Northern Watermilfoil

Northern watermilfoil, a native species to Minnesota, is commonly mistaken for Eurasian watermilfoil. An easy way to distinguish the two plants is by counting the leaflets on each leaf. Northern watermilfoil has only five to 10 leaflets where Eurasian watermilfoil has twice as many. 


Eurasian Watermilfoil

Eurasian watermilfoil, is an invasive species in Minnesota and specifically Bear Lake. It is commonly confused with Northern watermilfoil. Eurasian watermilfoil has 12 to 21 leaflets on each leaf, that grow in a whorl pattern around a singe stem.  


Since 2015, Bear Lake in Barnum has been infested with Eurasian watermilfoil, an invasive species native to Europe and Asia. Another round of treatment for Bear Lake is planned for September. 

Eurasian watermilfoil is commonly mistaken for a several native species of plant in Minnesota lakes, specifically the northern watermilfoil.  Leaves on Eurasian watermilfoil are featherlike, arranged around the stem in a whorl and each leaf has 12 to 21 pairs of leaflets. Color for both types of milfoil are similar and should not be used for identification. The northern milfoil has half the number of leaflets, with only five to 10 per leaf. 

Programs from the Minnesota Department of Natural Resources (DNR) to remove or control Eurasian watermilfoil, like the one Barnum City Council approved to participate in, use three possible methodologies. Manual removal of visible plants or herbicide applications. These applications are completed with the most care possible for native species and animals that could be impacted. Research is currently being conducted on the effectiveness of native insects on the removal of Eurasian watermilfoil.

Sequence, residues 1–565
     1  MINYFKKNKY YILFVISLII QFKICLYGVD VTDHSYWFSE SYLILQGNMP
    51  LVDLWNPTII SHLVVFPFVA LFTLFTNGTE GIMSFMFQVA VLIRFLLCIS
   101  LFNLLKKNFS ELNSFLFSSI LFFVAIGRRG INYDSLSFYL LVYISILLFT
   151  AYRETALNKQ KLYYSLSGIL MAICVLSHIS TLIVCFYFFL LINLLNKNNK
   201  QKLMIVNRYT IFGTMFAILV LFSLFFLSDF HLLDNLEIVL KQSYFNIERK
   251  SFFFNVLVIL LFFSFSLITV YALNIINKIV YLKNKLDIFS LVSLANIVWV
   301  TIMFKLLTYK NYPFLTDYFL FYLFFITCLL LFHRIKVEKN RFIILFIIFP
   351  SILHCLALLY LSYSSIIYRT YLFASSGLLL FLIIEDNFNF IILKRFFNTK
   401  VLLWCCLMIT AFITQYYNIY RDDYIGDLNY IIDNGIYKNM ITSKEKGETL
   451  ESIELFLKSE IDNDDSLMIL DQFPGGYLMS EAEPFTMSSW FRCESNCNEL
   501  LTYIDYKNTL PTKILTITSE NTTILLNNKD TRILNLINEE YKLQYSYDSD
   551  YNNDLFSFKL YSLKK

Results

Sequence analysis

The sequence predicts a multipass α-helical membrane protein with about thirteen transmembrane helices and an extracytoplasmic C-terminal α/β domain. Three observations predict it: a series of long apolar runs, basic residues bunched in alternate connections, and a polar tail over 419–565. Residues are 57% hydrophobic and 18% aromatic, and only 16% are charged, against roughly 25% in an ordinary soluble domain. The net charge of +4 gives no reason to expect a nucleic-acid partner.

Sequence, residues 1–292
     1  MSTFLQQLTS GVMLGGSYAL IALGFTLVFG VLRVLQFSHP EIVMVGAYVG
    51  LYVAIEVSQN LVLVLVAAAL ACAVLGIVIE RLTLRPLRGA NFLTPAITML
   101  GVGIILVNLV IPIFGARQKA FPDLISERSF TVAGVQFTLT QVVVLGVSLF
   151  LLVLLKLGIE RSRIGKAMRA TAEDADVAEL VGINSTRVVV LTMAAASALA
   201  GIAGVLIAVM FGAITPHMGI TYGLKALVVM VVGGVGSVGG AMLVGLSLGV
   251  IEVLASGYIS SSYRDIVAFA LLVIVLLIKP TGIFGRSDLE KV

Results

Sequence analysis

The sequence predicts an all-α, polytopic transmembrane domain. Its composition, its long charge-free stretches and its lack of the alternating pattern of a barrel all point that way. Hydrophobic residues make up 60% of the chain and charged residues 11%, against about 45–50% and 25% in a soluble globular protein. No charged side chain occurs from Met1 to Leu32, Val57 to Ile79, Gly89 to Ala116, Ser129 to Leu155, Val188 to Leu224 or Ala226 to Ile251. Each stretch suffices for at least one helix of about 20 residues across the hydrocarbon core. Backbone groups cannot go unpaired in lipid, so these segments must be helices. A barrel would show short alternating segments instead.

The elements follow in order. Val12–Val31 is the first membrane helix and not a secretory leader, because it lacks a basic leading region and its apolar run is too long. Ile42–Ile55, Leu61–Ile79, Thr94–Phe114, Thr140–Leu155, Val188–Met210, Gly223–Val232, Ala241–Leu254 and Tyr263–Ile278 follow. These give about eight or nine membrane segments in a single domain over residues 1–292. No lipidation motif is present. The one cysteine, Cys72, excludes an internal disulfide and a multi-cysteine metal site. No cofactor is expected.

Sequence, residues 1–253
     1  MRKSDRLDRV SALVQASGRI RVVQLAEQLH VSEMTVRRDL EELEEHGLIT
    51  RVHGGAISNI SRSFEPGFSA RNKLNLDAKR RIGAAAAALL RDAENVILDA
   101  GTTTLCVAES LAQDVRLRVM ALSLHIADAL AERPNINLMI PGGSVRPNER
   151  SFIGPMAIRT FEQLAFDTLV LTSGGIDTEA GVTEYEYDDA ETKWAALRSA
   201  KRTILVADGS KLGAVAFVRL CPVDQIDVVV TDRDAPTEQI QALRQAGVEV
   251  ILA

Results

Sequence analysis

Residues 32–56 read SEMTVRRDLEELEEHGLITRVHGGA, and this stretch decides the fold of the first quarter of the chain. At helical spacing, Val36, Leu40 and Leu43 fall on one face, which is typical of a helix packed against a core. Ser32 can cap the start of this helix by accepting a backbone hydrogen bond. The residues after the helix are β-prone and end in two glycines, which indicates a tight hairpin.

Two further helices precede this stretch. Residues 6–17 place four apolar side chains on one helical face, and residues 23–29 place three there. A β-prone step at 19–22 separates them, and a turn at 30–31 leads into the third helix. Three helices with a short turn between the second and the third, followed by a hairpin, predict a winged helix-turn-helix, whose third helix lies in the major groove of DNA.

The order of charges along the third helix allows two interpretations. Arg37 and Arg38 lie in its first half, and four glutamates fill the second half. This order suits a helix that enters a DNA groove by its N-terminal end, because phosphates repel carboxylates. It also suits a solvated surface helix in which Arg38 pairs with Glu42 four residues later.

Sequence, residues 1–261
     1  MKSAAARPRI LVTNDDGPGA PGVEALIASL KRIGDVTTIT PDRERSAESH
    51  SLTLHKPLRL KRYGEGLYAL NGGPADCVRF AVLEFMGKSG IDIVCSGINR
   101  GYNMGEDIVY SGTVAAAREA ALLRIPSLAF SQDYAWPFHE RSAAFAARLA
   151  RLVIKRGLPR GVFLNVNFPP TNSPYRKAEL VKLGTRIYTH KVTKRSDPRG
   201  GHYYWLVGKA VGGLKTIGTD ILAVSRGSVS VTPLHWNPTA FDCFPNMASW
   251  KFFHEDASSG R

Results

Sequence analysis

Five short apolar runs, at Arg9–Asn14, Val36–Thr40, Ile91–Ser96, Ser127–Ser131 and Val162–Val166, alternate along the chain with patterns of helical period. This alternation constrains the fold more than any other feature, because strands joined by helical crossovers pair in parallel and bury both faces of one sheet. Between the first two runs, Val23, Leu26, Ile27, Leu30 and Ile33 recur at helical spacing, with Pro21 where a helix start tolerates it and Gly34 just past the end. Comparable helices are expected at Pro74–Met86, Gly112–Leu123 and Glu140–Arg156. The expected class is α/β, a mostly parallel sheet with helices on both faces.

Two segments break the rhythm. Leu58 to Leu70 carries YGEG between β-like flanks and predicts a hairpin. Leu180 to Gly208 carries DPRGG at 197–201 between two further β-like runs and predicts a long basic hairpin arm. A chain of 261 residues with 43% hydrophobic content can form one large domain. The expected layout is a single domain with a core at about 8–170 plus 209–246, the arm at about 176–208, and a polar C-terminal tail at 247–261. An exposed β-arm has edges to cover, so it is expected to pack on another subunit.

Invasive species, specficially watermilfoil, damage lakes and waters in Minnesota by growing in dense mats at the water’s surface that inhibit water recreation. It also overtakes habitat and outcompetes native aquatic plants, potentially lowering diversity in Minnesota lakes and rivers. Eurasian milfoil also provides unsuitable shelter, food, and nesting habitat for native animals.

The best way to control the spread of invasive species is to clean watercraft of all aquatic plants and prohibited invasive species, drain all water by removing drain plugs and keeping them out during transport, dispose of unwanted bait in the trash and dry docks, lifts, swim rafts and other equipment for at least 21 days before placing them in another body of water. Eurasian watermilfoil is primarily spread through the movement of water equipment. All it takes is a single plant fragment to start a new population. 

For more information about safe recreation and what you can do to stop the spread of invasive species visit the DNR webpage on invasive species at

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